Thursday, June 09, 2011

Imitation of a Skirt

You're going to have to bear with me on this post because it's about as scattered as I have been this week. Anyway, I finally got the chance to read the book Balenciaga and Spain the other night, and I found the photo above of Pauline de Rothschild in her glorious Balenciaga black lace and brown organza coat. Her pants peeping out from beneath the coat reminded me of those skirt and pants combos that women seemed to wear often in 1950s movies. More specifically, it made me think of Lana Turner in Imitation of Life:

I have no earthly idea what you call this outfit, though I'm sure that many of you do. (If so, please shed some light!) I suppose that it's some type of hostess gown or day dress with pants? Whatever it is, I think it's really pretty fabulous. In fact, Chanel had one of these hybrid dresses in their collection about five or six years ago, if I recall correctly.

Are you familiar with Imitation of Life? There was the original 1934 version that starred Claudette Colbert as a successful businesswoman who makes a fortune on her maid Delilah's pancake recipe. Seriously. But the 1959 version with Lana Turner reads more like a soap opera: a driven woman (Lana Turner) stops at nothing to become a successful and wealthy Broadway actress, while her daughter (played as a teenager by Sandra Dee) feels neglected, despite the fact that she has been lovingly raised by Lana's housekeeper (Juanita Moore), who in turn is having problems with her own daughter who rebels by running off and working in a raunchy nightclub. And did I mention that the movie ends with the mother of all funerals, one in which Mahalia Jackson sings the stirring spiritual "Trouble of the World"? That scene with Mahalia always brings a tear to my eye.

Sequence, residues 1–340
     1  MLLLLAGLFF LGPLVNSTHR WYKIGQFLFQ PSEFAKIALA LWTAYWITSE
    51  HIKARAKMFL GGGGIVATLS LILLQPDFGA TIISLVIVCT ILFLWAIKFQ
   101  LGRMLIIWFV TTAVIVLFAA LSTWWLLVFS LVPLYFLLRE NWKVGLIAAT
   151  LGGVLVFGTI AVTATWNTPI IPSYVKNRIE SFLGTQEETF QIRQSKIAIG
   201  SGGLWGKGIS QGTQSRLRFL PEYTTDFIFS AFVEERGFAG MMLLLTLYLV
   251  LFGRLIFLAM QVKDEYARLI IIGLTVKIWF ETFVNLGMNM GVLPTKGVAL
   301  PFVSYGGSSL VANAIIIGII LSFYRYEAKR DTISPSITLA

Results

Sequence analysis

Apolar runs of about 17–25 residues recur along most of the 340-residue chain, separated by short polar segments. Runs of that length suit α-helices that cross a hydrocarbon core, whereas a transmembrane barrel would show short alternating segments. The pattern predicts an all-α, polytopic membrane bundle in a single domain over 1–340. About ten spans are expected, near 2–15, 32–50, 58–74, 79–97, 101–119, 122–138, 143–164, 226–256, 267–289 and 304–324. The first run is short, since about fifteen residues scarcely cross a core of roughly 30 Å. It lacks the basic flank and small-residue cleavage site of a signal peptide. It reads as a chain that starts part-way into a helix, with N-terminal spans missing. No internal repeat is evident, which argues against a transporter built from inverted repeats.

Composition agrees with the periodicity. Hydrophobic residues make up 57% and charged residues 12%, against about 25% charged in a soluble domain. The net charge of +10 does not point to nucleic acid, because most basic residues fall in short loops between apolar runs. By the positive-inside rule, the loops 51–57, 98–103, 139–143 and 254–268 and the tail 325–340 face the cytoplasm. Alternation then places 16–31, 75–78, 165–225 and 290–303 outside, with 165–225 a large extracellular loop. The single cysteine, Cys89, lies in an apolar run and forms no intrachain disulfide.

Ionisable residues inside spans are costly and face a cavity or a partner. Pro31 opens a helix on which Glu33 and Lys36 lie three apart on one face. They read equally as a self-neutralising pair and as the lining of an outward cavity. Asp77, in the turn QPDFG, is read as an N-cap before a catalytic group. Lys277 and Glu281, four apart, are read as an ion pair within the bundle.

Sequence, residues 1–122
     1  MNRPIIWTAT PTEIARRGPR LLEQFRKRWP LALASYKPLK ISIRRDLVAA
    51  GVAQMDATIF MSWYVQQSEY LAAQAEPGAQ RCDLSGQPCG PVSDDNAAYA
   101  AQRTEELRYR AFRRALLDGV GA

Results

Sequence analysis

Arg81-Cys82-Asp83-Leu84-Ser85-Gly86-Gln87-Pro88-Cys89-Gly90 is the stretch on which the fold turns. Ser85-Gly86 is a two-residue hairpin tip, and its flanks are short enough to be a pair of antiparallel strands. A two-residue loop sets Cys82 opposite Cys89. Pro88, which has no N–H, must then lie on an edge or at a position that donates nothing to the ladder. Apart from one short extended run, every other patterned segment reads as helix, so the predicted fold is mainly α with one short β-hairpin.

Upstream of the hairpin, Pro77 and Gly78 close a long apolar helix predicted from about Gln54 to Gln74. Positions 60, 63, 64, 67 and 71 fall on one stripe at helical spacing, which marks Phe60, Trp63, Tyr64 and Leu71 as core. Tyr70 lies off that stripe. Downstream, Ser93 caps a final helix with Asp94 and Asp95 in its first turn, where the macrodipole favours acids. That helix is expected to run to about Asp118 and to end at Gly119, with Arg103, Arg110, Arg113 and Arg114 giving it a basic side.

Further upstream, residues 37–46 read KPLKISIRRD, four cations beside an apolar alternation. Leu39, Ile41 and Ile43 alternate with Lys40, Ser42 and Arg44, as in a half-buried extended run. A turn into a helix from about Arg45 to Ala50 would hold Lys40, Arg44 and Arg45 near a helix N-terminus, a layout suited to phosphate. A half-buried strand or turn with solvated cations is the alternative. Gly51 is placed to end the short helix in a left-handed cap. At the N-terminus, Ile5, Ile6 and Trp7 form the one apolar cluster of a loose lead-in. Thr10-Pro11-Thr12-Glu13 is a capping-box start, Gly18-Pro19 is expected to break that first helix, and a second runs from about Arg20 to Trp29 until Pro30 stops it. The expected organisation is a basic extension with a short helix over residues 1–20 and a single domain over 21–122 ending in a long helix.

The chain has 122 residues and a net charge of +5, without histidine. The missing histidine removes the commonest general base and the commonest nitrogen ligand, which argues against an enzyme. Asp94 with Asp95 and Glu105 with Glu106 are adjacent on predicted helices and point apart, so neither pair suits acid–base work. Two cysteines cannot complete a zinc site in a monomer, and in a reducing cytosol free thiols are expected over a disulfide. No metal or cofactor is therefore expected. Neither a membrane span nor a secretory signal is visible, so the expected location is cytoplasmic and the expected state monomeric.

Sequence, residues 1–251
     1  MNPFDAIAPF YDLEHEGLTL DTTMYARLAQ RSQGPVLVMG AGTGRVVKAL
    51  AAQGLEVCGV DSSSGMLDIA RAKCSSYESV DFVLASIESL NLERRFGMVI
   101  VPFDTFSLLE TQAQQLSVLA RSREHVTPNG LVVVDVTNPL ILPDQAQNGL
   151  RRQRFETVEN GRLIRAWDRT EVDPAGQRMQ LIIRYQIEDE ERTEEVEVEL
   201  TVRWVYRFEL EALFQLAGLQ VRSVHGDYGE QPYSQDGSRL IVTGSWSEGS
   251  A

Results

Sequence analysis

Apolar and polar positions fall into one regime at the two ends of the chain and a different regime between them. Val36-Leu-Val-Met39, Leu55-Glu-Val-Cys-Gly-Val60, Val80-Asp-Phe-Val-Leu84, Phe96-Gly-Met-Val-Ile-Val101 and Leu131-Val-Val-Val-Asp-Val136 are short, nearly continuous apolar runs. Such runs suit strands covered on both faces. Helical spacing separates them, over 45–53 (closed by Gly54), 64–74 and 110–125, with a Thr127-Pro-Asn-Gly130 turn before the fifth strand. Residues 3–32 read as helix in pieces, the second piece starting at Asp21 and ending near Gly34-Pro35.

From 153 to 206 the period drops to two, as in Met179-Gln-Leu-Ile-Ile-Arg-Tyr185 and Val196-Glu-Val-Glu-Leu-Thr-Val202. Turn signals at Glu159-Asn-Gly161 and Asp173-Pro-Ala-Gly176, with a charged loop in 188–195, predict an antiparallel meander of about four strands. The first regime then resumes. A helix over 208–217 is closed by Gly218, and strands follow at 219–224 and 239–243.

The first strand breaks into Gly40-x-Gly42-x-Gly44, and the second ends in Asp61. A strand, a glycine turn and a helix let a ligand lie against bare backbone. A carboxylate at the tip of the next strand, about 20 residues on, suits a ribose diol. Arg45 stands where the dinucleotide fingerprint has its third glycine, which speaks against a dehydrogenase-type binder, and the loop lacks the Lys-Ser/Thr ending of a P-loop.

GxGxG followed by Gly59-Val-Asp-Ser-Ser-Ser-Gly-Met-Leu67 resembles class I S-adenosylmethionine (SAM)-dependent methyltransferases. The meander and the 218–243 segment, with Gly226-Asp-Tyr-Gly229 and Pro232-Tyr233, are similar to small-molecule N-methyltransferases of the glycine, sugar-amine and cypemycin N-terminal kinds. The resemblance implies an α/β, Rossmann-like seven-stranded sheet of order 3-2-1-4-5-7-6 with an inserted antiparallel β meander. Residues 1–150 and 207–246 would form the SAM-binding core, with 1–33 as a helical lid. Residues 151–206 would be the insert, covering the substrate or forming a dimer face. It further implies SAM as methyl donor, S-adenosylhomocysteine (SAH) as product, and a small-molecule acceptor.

So now that you have a synopsis of the film, let's take a look at Lana's suburban house in Imitation of Life. As you can see, it's a little bit of a mish-mash...just like the skirt/pant combo.

Another shot of Lana in her day outfit.

The living room with a stone fireplace and rolling hills beyond the window.

My favorite part of the house is the bar with the padded leather front and those barstools. And how about that niche of glassware?

The dining room table is set for an after-theater party.

And the dining table set for a simple dinner. This is the way that I wished that I dined. But you know, my silver serving pieces just don't see the light of day for those everyday kind of dinners.

Is it wrong to like this chair's trim?

Another shot of the bar, this time with Sandra Dee serving up John Gavin a highball. She informs him that he only gets one highball before lunch. Well, alrighty then. I will say, though, that I'm not so sure about that clown painting to the right.